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ROLLERBALL
Clive Gammon
April 21, 1975
It is the 21st century and war has been abolished by the corporations that rule the globe, but the people crave violence and find it in a game that posts the dead and maimed on the scoreboard as well as goals. A new movie that could spark a new sport
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April 21, 1975

Rollerball

It is the 21st century and war has been abolished by the corporations that rule the globe, but the people crave violence and find it in a game that posts the dead and maimed on the scoreboard as well as goals. A new movie that could spark a new sport

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Jewison, who directed The Cincinnati Kid and Fiddler on the Roof, was delighted that the game devised for his film turned out to be one that can be played in earnest. "It can be played, if it's played with very strict rules, Madrid rules" he said on the set. "But it is still a very violent game, though maybe no more so than football. There is a gladiatorial aspect to rollerball that frightens me. I keep cautioning the boys about it. They are all athletes—skaters, bikemen, stuntmen—and they love body contact, they love playing with a ball, they love speed and agility, and there is an enormous amount of skill involved. They experience the excitement of doing something really well, and I can understand their desire. But I am totally opposed to playing rollerball before a paying audience."

There may be something a little disingenuous about the way Jewison draws back in horror from the idea of rollerball being accepted as an actual sport. To a large extent he created the game, and his film will acquaint millions with it. Once the movie is released, it seems highly likely that there will be demonstration games, and if rollerball catches on, United Artists could find itself with a multimillion-dollar franchise.

What does Jewison have to say to the notion that Rollerball will, like A Clockwork Orange, itself engender violence? "I'll have failed if that happens," he remarks. "One of the problems of dealing with violence as a subject matter is that you have to use violence to discuss it. I had to have it in the film to carry through my ideas."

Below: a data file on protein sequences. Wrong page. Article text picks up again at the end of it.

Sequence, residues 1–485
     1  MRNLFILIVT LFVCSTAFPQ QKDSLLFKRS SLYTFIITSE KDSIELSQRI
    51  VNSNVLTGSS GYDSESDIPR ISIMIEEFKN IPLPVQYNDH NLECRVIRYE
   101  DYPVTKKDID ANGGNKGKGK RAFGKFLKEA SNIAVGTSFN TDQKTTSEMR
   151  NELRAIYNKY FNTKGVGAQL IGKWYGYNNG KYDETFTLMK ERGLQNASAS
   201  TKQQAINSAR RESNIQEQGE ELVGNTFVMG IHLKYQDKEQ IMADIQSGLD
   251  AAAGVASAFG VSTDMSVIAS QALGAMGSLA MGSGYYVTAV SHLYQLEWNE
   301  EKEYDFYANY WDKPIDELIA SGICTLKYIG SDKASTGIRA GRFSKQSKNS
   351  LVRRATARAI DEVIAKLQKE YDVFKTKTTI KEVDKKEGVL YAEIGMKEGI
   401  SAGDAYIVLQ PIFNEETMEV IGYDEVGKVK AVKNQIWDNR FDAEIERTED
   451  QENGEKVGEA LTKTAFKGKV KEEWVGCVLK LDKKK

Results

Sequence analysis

The chief of these is Jewison's theory that people want to see death and injury, that they are fascinated by it. Violence is an obscenity, he maintains, but it exists. "I'm a sports fan myself and my favorite sport is ice hockey, one of the most violent of sports. What people really want to see is blood on the ice. You have diehards who are just watching on the chance that some guy is going to get wrapped up.

"This game, rollerball, is a tool to help me say what I want to say. I hope it's not going to get too big—like cards in The Cincinnati Kid, which wasn't really just about a poker game. The card game was an instrument that got out of hand. That was also the problem in A Clockwork Orange. In the last three reels this distasteful, brutal, terrifying creature started to take on heroic proportions. That was exactly the opposite of what the author, Anthony Burgess, was trying to say in his book."

Such subtleties tend to be lost when the action starts on the 17-degree pitch of the wooden arena-cum-track that Herbert Schurmann, the world's leading architect of cycle and motorbike tracks, built of hardwood inside the Olympic basketball showplace. There just isn't any doubt in the observer's mind that here is a-viable game. Even a two-minute take is sufficient to suspend disbelief. Like Baron Frankenstein, Jewison may have created something that won't be kept locked up indoors.

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